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Cherry Blossom Coda

When you travel to Hokkaido—by Shinkansen, this is—there is neither pomp nor circumstance. One moment you’re speeding away from Tohoku (and, quite literally, down under the ocean); the next you’ve emerged from under the Tsugaru Strait and are on Japan’s northernmost island, at least ostensibly.

This is fitting for me: Hokkaido has never been a place I loved, although I’d been hoping this trip would change that.

The notable exception to this rule—Hakodate, its southernmost city, and the only one accessible by bullet train until 2030 or 2031—would be my first port of call. Yet upon calling, I was torn.

On one hand, it was impossible not to feel nostalgia upon exiting Hakodate Station, whether laying eyes upon hotels where I’d stayed on previous visits, or squinting in the general directions of landmarks like the Morning Market and Mt. Hakodate. I remembered what I’d done back then, and who I’d been—I always seemed to pass through this frontier city at pivotal crossroads in my own life.

On the other hand, Hakodate’s city center was more rundown than I remembered, although I conceded quite immediately that might’ve been because of pandemic-era pallor. The lack of crowds, and the way shadows seem deeper and darker on cloudy days.

Which is not say that I planned to dwell on the past here, or to shrink from what little sun broke through the clouds. No, my mission was new, or at least reanimated: I had to come to see the season’s last sakura.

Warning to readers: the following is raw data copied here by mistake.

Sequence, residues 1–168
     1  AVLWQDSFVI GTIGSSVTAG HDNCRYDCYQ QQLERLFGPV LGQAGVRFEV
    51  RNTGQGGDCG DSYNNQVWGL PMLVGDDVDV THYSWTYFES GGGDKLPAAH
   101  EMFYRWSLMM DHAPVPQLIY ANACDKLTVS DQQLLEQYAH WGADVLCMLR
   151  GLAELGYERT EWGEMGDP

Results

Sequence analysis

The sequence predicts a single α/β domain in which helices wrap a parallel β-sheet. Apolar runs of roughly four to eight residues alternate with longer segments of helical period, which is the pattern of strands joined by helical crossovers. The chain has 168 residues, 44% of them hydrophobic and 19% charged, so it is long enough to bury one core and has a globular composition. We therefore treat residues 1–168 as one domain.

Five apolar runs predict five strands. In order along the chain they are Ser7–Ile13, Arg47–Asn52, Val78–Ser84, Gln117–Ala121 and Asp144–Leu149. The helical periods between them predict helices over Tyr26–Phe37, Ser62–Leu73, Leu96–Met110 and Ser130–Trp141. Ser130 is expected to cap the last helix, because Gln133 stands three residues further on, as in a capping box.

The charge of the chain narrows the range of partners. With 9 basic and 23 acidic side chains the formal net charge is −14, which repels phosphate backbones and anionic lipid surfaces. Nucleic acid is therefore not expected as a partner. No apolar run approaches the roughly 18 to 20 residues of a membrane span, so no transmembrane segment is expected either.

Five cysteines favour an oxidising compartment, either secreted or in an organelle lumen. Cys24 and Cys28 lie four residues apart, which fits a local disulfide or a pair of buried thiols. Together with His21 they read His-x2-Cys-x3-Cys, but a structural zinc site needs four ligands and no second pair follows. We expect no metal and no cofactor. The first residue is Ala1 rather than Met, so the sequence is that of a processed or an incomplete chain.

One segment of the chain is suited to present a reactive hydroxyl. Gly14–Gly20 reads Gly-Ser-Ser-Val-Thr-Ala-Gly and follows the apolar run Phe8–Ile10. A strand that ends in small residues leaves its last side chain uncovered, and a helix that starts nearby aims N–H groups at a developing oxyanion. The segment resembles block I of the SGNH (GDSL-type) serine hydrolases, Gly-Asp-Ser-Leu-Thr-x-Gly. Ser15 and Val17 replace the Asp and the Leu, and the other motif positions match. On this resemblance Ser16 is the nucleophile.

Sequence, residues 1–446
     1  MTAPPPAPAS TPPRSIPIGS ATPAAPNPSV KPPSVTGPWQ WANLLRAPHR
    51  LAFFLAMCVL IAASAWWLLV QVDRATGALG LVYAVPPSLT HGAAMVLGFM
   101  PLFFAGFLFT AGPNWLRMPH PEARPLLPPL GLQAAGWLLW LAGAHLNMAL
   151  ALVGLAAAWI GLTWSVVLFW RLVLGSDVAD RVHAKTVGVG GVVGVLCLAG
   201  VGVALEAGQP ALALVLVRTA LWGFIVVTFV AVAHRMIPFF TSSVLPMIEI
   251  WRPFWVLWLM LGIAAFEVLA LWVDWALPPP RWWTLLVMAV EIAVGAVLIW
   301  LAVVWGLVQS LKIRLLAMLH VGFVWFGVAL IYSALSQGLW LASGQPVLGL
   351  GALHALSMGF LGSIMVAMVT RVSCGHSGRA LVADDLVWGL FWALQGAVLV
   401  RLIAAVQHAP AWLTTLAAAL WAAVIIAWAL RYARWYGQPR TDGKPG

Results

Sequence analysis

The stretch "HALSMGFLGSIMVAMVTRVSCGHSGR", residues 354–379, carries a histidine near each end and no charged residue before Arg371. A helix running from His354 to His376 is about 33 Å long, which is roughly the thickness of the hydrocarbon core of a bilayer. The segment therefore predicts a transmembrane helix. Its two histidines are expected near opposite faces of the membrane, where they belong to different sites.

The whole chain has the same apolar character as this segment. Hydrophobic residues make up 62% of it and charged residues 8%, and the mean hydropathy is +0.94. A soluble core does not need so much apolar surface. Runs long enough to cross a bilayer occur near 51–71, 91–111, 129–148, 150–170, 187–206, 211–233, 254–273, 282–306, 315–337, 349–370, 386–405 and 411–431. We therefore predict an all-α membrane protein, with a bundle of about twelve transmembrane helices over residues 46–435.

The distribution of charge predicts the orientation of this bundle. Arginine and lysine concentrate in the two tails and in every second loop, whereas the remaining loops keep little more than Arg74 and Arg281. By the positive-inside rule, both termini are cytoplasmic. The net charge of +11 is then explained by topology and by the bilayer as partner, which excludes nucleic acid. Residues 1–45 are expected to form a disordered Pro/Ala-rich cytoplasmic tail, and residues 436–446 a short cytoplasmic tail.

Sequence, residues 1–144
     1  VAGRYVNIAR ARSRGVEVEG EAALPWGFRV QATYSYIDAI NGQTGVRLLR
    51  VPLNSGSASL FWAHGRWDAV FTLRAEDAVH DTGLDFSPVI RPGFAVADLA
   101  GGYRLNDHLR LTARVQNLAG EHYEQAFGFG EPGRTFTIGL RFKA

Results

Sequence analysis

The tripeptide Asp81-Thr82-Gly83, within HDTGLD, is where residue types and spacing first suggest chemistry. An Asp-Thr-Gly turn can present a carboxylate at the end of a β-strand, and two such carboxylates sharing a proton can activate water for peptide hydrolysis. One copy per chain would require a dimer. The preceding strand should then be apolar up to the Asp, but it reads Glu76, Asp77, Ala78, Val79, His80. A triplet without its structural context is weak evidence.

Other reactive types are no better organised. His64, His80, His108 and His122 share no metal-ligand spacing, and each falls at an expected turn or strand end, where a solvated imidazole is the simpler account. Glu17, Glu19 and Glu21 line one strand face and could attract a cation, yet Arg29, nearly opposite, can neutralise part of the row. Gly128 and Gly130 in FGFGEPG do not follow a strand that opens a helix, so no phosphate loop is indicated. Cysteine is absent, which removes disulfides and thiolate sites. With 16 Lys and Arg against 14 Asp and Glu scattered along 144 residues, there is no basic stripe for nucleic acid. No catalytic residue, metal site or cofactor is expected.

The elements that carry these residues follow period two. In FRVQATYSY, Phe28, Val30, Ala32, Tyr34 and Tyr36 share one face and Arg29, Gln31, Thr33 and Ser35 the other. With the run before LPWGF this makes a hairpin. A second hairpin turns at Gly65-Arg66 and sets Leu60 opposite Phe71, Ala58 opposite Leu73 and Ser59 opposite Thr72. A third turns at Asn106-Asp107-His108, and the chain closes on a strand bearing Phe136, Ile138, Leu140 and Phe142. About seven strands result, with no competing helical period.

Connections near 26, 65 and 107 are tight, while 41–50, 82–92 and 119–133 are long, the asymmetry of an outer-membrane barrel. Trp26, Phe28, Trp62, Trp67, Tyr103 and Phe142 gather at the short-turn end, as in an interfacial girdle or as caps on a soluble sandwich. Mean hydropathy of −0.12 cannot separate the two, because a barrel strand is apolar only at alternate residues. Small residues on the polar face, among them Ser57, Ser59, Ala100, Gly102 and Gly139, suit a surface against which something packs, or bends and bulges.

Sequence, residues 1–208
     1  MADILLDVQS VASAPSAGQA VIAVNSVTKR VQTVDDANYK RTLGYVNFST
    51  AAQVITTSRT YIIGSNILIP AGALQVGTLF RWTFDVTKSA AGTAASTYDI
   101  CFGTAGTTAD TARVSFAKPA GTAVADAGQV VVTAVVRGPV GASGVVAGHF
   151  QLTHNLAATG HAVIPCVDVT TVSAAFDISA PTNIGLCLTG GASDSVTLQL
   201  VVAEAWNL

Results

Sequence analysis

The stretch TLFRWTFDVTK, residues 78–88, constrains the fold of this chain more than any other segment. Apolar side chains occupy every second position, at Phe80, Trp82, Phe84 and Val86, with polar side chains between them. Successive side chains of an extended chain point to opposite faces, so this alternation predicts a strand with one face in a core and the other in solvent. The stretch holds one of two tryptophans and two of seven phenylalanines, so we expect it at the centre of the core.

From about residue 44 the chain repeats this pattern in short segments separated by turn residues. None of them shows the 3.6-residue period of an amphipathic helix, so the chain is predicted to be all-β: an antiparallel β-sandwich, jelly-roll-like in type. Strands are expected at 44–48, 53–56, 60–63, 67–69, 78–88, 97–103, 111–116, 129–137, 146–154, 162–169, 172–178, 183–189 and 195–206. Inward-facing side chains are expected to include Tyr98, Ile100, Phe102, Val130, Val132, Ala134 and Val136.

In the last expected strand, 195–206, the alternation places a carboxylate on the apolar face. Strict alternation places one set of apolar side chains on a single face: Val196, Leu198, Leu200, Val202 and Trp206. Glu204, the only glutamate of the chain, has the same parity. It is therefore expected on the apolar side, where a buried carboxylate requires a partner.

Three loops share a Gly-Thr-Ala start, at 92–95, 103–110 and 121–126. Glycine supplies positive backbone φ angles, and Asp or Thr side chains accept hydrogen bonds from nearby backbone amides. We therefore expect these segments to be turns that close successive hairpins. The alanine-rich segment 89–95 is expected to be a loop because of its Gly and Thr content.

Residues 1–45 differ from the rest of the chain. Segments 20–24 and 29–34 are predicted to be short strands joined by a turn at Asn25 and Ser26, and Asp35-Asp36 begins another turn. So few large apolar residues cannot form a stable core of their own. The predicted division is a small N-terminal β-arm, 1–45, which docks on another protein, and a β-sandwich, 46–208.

I felt strangely calm as I boarded the tram bound for Goryokaku, and not just because the frigid air had mostly frozen my limbs in place.

Anxiety should’ve reigned. This—seeing, from overhead, the hundreds of cherry trees filling the star-shaped fort like cream crammed inside a Japanese kurimupafu—was the last formal item on the sakura bucket list I’d planned to tackle last year, before getting trapped in Taiwan by borders that closed days before I was supposed to cross them.

The English-language adornment on the brochure the ticket seller handed me mirrored my own internal dialogue. The fort, in the mind of local historians anyway, was a “symbol of unfulfilled dreams of the end of the Shogunate years.”

It was ironic that it was at this place (or rather, looking down on it) where my own reverie was manifesting into reality.

The experience was ethereal and transcendental; it was almost like a spiritual ceremony, and not just because I circled the observation deck no less than two dozen times, like a Himalayan lama around a prayer wheel.